Laws won’t stop cybercriminals, say experts

They won’t?
Tell us something we didn’t know.

(A follow-on to http://www.securityabsurdity.com/failure.php)

Is this any different from the Canukistani Federal Gun Registry Boondoggle?
You expect criminals to register their guns?

“You can’t attack this castle unless you are this high”
Its back to erecting a pole in your garden for the burglars to run into and knock themselves out on.

http://www.infoworld.com/article/06/05/10/78183_HNlegalsol_1.html

Terrorists and organized criminals are using computer vulnerabilities to line their pockets, but many cybersecurity ideas coming out of the U.S. Congress may not help much, some experts said Wednesday.

Congress tends to make reactive laws, too late, that address style not substance and get rolled in with other matters that dilute and weaken. Look at DHS. Where’s its budget? Where’s it vision?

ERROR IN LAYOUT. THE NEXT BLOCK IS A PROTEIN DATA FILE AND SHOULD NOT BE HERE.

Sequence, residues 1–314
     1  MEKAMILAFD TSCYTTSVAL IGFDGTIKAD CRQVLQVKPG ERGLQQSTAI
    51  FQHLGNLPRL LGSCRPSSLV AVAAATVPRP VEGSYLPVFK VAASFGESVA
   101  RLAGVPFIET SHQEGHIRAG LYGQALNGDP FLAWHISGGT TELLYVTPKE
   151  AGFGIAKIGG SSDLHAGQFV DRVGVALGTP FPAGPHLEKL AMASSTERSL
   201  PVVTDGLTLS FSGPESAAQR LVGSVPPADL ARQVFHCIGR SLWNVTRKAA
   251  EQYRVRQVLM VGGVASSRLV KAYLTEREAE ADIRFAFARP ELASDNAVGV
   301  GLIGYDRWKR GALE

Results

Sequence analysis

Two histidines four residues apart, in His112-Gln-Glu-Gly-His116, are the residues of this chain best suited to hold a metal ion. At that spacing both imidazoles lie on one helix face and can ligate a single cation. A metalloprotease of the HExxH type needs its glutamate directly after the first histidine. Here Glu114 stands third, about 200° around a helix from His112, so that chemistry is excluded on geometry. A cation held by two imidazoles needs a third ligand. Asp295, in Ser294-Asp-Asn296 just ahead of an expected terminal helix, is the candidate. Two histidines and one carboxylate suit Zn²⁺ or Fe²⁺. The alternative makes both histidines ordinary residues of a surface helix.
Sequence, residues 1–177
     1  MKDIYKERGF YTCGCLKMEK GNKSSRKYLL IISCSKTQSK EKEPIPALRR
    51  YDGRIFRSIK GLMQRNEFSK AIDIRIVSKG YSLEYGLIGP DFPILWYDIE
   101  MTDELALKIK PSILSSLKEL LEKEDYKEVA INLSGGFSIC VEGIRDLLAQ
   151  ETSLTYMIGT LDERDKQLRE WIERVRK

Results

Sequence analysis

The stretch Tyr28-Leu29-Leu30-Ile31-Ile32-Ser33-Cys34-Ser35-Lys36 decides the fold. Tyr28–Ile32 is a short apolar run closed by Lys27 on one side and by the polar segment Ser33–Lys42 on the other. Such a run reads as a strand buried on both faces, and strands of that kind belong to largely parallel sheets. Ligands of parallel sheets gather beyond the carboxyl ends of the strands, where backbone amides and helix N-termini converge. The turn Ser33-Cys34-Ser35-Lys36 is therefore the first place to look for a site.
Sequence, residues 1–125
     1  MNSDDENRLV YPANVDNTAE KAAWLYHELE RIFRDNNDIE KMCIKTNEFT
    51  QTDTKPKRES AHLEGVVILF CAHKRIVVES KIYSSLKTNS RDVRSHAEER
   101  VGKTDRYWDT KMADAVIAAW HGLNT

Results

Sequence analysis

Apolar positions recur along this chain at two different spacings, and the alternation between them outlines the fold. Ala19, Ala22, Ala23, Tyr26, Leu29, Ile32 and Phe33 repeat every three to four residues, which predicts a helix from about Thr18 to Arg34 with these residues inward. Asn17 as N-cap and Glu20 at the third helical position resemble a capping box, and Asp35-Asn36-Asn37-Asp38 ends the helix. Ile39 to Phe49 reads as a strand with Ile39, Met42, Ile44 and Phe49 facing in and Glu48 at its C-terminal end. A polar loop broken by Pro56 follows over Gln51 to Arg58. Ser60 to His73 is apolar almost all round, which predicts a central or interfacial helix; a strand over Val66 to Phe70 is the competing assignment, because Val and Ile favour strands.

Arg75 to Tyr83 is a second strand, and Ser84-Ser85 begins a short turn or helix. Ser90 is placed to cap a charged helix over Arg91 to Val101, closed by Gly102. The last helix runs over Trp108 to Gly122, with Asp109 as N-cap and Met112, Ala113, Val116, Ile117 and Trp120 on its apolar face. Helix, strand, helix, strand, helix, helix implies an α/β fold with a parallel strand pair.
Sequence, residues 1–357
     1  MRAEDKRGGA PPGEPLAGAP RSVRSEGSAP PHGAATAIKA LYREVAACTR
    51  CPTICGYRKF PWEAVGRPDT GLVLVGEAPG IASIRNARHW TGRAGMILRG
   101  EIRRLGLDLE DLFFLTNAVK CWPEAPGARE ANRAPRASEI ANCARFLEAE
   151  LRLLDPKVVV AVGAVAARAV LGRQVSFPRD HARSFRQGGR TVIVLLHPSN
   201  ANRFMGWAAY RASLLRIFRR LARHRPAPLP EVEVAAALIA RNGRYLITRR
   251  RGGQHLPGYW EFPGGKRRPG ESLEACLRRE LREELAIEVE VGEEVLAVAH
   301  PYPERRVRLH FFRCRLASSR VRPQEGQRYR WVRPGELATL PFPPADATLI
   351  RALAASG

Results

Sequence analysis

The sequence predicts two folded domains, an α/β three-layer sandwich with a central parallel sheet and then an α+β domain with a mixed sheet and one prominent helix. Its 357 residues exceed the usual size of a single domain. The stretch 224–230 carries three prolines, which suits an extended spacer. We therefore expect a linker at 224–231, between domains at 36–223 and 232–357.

I’ve read other articles recently to the effect that people who manage technology can no longer remain ignorant of the technologies they manage. Sadly, we’ve had a ‘management’ view that the science of management is independent of what it manages. We are not seeing the end of that paradigm.

Since a rash of data breaches in early 2005, Congress has introduced more than 10 bills related to data breach notification.

TEN!! Can’t they get it right?
Obviously not.
But with a shotgun you don’t have to be precise, do you?

The working model for a data breach bill seems to be the SOX law, which has cost U.S. businesses hundreds of millions of dollars Kobayashi said. “The model is a sledgehammer,” he said. “What economists hope is Congress steps back and looks at the costs and benefits before they do something like that.”

I’m sorry? Why should they do that?